Arlington effort shapes model
Police Chief Frederick Ryan has announced the release of a document aimed at guiding the actions and policies of police departments nationwide that are scrambling to respond to the opioid crisis. The work comes after a gathering of municipal police chiefs, policymakers and academic leaders from Johns Hopkins University's Bloomberg School of Public Health.
Now, the proven strategies employed by the nationally modeled Arlington Outreach Initiative are being melded with efforts in Vermont and West Virginia in a Johns Hopkins publication titled "Ten Standards of Care: Policing and The Opioid Crisis."
In the publication, Ryan, along with Burlington, Vt., Chief Brandon Del Pozo, Morgantown, W.Va., Chief Edward Preston argue for a significant shift in the approach taken by municipal police departments.
"Law enforcement officers are on the front lines of addressing this nationwide crisis. They are often the first to arrive on the scene of an overdose. They encounter and respond to the consequences of addiction every day. They see the toll the crisis is taking on communities, and they have a critical role to play in influencing how communities address it," said the Johns Hopkins Bloomberg American Health Initiative in a statement accompanying the document's May 31 news release.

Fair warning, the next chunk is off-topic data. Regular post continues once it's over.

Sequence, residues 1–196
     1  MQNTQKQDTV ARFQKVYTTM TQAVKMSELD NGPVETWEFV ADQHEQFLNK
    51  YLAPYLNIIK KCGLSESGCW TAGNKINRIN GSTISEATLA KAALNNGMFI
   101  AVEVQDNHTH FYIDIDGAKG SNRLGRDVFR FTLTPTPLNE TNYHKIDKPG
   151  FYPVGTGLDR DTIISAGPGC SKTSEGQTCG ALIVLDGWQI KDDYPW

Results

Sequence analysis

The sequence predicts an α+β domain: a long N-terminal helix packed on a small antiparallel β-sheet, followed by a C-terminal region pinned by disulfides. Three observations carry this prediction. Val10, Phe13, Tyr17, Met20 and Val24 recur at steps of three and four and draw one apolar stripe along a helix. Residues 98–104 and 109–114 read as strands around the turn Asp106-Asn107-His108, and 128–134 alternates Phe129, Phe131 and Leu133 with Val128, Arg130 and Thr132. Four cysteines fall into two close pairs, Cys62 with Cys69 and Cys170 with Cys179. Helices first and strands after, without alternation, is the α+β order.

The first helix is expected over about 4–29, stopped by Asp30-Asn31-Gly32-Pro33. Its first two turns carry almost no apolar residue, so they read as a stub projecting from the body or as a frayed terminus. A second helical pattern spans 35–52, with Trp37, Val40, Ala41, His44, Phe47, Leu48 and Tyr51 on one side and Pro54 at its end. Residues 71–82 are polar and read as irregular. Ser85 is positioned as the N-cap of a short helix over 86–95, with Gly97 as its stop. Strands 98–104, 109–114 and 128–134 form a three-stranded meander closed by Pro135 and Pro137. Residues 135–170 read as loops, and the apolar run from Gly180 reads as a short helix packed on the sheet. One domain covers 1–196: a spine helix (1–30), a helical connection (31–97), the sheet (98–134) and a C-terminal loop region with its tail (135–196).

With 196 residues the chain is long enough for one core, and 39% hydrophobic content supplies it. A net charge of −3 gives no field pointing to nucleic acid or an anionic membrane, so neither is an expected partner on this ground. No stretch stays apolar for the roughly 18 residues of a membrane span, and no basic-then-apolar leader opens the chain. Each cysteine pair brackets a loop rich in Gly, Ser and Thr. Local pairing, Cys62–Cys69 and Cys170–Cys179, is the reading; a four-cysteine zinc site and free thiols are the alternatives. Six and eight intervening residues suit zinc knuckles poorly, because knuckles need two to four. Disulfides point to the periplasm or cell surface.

For Ryan, who has testified before Congress and has sat around the table with the past two presidential administrations and the U.S. Surgeon General, the "Ten Standards of Care" lends national academic credence to an evolving set of policies that police departments have rapidly begun to employ. These procedures have become all the more important in recent years, as overdoses now exceed motor vehicle crashes as the leading cause of accidental death in the United States.
'We must open our minds'
"The opioid epidemic, especially with the dramatic and unprecedented rise in synthetic drugs like fentanyl, represents one of the most significant public health emergencies in a generation. This cannot be solved by arresting and incarcerating more people. As police officers, we are often the first on scene and are being called upon to do something as more and more Americans die every day," Ryan said in the release.
"We did not ask for this responsibility, and we must open our minds to new, research-backed methods. The opioid crisis is, itself, the evolution of a longstanding drug addiction and mental health problem in our society, and those of us in the law enforcement community must evolve our methods to tackle it."
In addition to the Arlington Opiate Outreach Initiative and other municipal programs, the document recognizes the Police Assisted Addiction and Recovery Initiative (PAARI) as a promising approach that has been adapted by hundreds of police departments across the country. Ryan is a founding member and cochairman of PAARI; he chairs its police council.
The "Ten Standards of Care" was co-written by the chiefs and Manhattan District Attorney Cy Vance, former Office of National Drug Control Policy directors Gil Kerlikowske and Michael Botticelli as well as six members of the Johns Hopkins Bloomberg School of Public Health. It is the product of a meeting of chiefs, veteran policymakers and academic leaders May 3-4 at the Police Executive Research Forum headquarters in Washington, D.C. The document contains consensus best practices for police departments responding to the opioid crisis.
Working together, the group developed these 10 standards of care to serve as a guide for police departments and other law enforcement agencies trying to grapple with this crisis. They are: